Process Biotechnology

Biotechnology Industry

Electronic Journal of Biotechnology ISSN: 0717-3458 Vol. 6 No. 3, Issue of December 15, 2003
© 2003 by Pontificia Universidad Católica de Valparaíso -- Chile Received May 2, 2003 / Accepted November 10, 2003
REVIEW ARTICLE

Protein interactions in enzymatic processes in textiles

Tzanko Tzanov
Department of Textile Engineering
University of Minho
4800 Guimaraes, Portugal
Tel: 34 9373 98149
Fax: 34 9373 98101
E-mail: tzanko.tzanov@upc.es

Jürgen Andreaus
Department of Chemistry
Universidade Regional de Blumenau
89010-971, Blumenau, Brazil
Tel: 55 47 3210468 / 276
Fax: 55 47 3228818 / 3210232
E-mail: jandr@furb.br

Georg Guebitz
Institute of Environmental Biotechnology
TU- Graz , A-8010 Graz, Austria
Tel: 43 316 8738312
Fax: 43 316 8738815
E-mail: guebitz@ima.tu-graz.ac.at

Artur Cavaco-Paulo*
Department of Textile Engineering
University of Minho
4800 Guimaraes, Portugal
Tel: 351 253 510280
Fax. 351 253 510293
E-mail: artur@det.uminho.pt

*Corresponding author

Keywords: auxiliaries, dyes, protein interactions, surfactants, textile processing.

Abstract Full Text

Enzymes are the catalysts of all reactions in living systems. These reactions are catalysed in the active sites of globular proteins. The proteins are composed by amino acids with a variety of side chains ranging from non-polar aliphatic and aromatic to acidic, basic and neutral polar. This fact allows to a globular 3D protein to create in the active site all ranges of microenvironments for catalysis. Major advances in microbial technology and genetics allow recently the broad range of enzymatic applications in the industry. Enzymatic processes have been increasingly incorporated in textiles over the last years. Cotton, wool, flax or starches are natural materials used in textiles that can be processed with enzymes. Enzymes have been used for desizing, scouring, polishing, washing, degumming, peroxide degradation in bleaching baths as well as for decolourisation of dyehouse wastewaters, bleaching of released dyestuff and inhibiting dye transfer. Furthermore many new applications are under development such as natural and synthetic fibres modification, enzymatic dyeing, finishing etc. Most of the textile processes are heterogeneous where an auxiliary as a dye, enzyme, softener or oxidant have to be taken from the solution to the fibre. These processes require the presence of surface-active agents, ionic force "balancers", buffers, stabilisers and others, and are characterized with high turbulence and mechanical agitation in the textile baths.  In this paper it is intended to understand and discuss the major protein interactions within textile processes and to try to anticipate troubleshooting possibilities when enzymes are used. It can be expected that an enzyme protein can interact with all chemical agents in solution due to the large variety of side chains of the outer-amino-acids in the large 3D structure of the protein. Without the aim of being exhaustive various points will be discussed where protein interactions are important for textile processing.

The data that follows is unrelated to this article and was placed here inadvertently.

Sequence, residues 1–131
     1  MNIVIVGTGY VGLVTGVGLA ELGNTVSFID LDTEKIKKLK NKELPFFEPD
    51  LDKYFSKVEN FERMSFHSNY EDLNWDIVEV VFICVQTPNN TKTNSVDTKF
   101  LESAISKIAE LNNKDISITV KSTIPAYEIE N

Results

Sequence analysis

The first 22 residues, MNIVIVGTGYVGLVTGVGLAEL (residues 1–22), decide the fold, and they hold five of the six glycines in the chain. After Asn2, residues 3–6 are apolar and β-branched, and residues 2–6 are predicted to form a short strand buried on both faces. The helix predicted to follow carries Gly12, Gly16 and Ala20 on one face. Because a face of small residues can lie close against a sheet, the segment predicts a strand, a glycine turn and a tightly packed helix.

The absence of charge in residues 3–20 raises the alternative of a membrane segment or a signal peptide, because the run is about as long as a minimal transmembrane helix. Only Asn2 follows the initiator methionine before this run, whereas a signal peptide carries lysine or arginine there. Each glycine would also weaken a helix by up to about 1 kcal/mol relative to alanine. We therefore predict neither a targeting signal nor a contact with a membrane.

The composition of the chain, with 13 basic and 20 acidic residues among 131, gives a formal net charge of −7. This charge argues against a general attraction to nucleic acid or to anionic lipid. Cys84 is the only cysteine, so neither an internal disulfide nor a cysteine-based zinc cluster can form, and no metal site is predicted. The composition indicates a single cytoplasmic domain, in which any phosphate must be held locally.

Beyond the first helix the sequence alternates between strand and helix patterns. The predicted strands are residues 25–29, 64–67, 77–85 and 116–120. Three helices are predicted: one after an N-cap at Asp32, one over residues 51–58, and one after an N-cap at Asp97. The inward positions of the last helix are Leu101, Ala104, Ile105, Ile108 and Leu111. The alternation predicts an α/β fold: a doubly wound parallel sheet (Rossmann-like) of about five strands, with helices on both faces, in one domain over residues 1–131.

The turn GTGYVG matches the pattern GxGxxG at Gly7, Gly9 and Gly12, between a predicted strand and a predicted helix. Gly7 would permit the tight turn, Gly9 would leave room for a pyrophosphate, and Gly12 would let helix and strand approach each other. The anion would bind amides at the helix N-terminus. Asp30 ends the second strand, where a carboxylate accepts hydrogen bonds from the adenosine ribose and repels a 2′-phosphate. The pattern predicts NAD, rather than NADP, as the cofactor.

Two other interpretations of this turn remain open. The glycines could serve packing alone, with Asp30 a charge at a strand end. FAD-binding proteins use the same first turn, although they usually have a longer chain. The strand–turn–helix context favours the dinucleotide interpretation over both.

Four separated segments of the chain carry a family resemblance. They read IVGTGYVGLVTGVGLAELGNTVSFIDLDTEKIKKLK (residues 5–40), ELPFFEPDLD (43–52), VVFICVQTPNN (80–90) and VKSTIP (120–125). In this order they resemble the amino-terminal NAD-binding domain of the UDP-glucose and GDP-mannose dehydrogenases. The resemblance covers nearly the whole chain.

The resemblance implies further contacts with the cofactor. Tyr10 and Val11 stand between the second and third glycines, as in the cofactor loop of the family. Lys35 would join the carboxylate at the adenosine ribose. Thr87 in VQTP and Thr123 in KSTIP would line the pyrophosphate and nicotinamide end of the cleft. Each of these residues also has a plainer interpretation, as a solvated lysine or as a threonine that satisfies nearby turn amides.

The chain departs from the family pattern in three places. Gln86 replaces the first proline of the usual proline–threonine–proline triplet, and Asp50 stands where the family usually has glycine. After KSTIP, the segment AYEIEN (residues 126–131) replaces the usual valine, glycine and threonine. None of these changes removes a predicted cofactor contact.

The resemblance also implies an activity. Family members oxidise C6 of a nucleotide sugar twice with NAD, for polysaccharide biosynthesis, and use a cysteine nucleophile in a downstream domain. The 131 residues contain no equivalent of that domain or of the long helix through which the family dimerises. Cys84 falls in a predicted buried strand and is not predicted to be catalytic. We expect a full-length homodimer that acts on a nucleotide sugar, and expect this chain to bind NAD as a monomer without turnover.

Supported by UNESCO / MIRCEN network